We only have about a minute Clinton, but I really feel like I, I want you we’ve talked about this before, but I want you to reiterate how important it is to reach out to somebody as opposed to having sleepless nights to be honest and open with with someone like yourself, Clinton, talk to me a little bit about that.

“The earlier we can get to a problem, the better the solution will be.”

Clinton Wilkins 07:23
You know, I think finances are, you know, sometimes a little bit of a taboo topic, Sam. You know, I think reaching out for advice, and sometimes the advice is do nothing, and that is okay. But sometimes the advice is, there is something that you can do, and it will better your financial position. And I think sometimes people just hide, and they don’t want to talk about, you know, their challenges. But I think that sometimes can be a snowball effect, and the situation can just get worse and then maybe the solution becomes more challenging or more costly. So, you know, ask for help and ask the questions early on. I always say, you know, the earlier we can get to you know, a problem, the better the solution will be.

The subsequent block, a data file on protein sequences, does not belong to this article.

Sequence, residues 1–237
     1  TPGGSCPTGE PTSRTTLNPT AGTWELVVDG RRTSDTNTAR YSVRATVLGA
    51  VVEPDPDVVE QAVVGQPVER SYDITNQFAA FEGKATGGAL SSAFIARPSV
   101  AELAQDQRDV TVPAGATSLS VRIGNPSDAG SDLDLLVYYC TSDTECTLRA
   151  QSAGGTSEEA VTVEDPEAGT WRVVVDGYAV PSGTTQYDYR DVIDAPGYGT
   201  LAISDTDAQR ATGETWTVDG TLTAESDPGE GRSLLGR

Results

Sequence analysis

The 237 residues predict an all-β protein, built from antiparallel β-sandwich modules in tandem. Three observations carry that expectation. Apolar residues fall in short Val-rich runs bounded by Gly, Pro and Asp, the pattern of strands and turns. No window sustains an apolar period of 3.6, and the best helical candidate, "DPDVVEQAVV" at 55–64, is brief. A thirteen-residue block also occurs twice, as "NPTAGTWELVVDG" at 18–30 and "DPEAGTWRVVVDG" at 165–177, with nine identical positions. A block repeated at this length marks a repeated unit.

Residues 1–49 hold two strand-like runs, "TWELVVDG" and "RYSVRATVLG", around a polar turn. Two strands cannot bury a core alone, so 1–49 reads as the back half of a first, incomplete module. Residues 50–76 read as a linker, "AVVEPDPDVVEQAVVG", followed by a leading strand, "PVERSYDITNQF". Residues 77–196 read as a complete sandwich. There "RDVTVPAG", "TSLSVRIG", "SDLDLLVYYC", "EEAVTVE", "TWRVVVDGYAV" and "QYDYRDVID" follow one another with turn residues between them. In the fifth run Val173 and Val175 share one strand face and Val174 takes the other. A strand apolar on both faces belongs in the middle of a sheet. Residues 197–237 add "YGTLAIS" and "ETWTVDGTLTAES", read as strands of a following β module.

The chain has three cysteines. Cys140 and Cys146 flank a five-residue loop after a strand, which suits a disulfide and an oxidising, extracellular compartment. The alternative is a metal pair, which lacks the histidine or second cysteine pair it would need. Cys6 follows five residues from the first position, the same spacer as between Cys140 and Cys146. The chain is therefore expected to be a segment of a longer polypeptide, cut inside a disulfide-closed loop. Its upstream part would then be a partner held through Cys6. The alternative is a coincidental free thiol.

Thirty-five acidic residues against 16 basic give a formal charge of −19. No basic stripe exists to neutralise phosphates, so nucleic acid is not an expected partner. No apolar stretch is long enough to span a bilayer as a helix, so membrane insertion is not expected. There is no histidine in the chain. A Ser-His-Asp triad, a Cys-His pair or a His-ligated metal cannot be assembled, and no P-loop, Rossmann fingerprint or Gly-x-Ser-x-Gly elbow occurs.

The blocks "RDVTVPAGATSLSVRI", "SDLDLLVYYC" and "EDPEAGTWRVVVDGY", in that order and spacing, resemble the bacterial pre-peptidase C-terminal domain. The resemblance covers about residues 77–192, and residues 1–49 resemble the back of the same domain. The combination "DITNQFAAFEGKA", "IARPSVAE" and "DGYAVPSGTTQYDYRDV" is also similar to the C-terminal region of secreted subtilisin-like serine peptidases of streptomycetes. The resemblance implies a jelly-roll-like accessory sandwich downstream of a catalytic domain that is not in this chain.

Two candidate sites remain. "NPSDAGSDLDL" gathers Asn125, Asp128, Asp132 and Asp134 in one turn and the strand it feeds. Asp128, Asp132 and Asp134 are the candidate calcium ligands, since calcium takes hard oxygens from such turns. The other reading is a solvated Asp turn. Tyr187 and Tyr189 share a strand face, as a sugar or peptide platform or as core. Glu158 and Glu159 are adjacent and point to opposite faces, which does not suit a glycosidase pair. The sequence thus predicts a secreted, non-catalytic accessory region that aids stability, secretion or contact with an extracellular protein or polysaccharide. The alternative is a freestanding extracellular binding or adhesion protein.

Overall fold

Sam Laprade 08:01
Brilliant. I always I always love our date. We always have a date on the Bank of Canada annoucnement.

Clinton Wilkins 08:06
I know, we’ll have another date here in early June. I think June 7 is the next Bank Of Canada announcement. So we’ll be back on here with you at that time, Sam.

Sam Laprade 08:14
Look forward to it. Clinton Wilkins, spending time with us. Centum Home Lenders ltd. We appreciate his expertise always. When we come back, we’re going to meet Eva Burnett. She is an Ottawa police 911 dispatcher we’re going to learn about her work. Because it is fascinating. I’m fascinated with 911 dispatchers, and the kind of of job that they do every single day. It is not an easy job. We’re going to find out about Eva’s job when we come back. Stay with us here on City News.

Sam Laprade, we’ll be right back on City News 1011 FM and 13:10am